Even people who don’t believe in God and don’t read the Bible would say that loving your neighbor is a good thing to do.
A couple of questions this verse raises: How do we live this verse out? What does it mean to love? What isn’t love? Who decides what is love and what isn’t love?
And what about your neighbor? Who is your neighbor? Is your neighbor only the person next door, or is it anyone you have contact with? Or is it every single human being on the face of the planet?…
So even a verse as basic as this raises more questions than it answers.
In order to live it out and not just talk about it, someone somewhere has to make decisions about this verse. Someone has to decide what it actually looks like to put flesh and blood on this command.
And that’s because the Bible is open-ended.
It has to be interpreted. And if it isn’t interpreted, then it can’t be put into action. So if we are serious about following God, then we have to interpret the Bible. It is not possible to simply do what the Bible says. We must first make decisions about what it means at this time, in this place, for this people. (pp.45-46)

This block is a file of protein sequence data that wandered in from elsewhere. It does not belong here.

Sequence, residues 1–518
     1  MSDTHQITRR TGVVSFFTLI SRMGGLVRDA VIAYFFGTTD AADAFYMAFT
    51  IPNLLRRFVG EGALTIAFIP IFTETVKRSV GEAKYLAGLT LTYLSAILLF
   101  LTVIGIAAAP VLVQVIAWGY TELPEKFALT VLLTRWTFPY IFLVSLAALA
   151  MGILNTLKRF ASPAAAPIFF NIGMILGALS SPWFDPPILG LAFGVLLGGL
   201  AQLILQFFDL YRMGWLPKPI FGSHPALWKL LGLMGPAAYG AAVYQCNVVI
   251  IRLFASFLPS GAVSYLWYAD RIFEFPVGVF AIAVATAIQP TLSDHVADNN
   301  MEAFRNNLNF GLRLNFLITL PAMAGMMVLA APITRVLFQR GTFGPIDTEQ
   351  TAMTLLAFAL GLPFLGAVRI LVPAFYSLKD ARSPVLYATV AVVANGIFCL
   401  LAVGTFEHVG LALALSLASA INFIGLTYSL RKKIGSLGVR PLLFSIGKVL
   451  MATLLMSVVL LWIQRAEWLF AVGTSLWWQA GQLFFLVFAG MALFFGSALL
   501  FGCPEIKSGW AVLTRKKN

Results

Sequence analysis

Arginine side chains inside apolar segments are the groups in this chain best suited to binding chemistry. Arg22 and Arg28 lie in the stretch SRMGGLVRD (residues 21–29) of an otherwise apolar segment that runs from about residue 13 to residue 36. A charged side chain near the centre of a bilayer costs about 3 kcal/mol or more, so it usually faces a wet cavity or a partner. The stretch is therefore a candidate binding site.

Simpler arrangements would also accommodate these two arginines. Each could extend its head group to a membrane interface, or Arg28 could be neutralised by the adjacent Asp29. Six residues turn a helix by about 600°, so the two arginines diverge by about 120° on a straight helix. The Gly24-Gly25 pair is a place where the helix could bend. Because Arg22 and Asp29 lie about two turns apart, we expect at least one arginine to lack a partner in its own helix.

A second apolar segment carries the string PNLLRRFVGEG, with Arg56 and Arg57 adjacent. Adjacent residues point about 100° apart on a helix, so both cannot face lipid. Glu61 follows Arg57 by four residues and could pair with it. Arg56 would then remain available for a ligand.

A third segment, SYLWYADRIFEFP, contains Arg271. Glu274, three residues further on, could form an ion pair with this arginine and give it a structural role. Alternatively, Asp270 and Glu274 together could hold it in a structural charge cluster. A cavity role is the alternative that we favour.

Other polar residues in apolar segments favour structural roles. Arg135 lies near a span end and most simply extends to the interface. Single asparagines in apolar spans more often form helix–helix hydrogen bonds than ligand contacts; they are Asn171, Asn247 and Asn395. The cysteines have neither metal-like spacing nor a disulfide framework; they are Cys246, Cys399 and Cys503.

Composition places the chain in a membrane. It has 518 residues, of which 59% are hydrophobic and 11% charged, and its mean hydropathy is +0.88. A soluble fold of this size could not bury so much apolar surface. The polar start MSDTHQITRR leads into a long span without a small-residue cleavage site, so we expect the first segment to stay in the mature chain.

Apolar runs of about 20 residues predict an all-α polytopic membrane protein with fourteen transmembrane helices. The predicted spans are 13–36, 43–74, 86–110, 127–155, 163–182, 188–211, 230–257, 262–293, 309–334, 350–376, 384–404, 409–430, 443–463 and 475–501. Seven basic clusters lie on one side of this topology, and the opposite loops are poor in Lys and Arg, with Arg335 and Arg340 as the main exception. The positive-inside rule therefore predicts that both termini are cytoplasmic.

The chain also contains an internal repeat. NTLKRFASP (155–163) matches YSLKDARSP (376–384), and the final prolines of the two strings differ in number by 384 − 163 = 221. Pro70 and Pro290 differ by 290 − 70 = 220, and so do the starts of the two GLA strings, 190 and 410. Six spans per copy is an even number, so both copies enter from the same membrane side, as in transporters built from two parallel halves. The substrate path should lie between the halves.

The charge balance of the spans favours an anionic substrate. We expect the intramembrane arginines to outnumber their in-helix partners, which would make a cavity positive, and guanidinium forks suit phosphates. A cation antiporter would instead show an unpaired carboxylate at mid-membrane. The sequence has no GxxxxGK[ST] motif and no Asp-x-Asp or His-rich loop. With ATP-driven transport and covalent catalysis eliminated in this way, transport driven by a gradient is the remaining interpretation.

…Now the ancient rabbis understood that the Bible is open-ended and has to be interpreted. And they understood that their role in the community was to study and meditate and discuss and pray and then make those decisions….
Take for example the Sabbath command in Exodus. A rabbi would essentially put actions in two categories: things the rabbi permitted on the Sabbath and things the rabbi forbade on the Sabbath. The rabbi was driven by a desire to get as close as possible to what God originally intended in the command at hand. One rabbi might say that you could walk so far on the Sabbath, but if you went farther, that would be work and you would be violating the Sabbath. Another might permit you to walk farther but forbid you to do certain actions another rabbi might permit.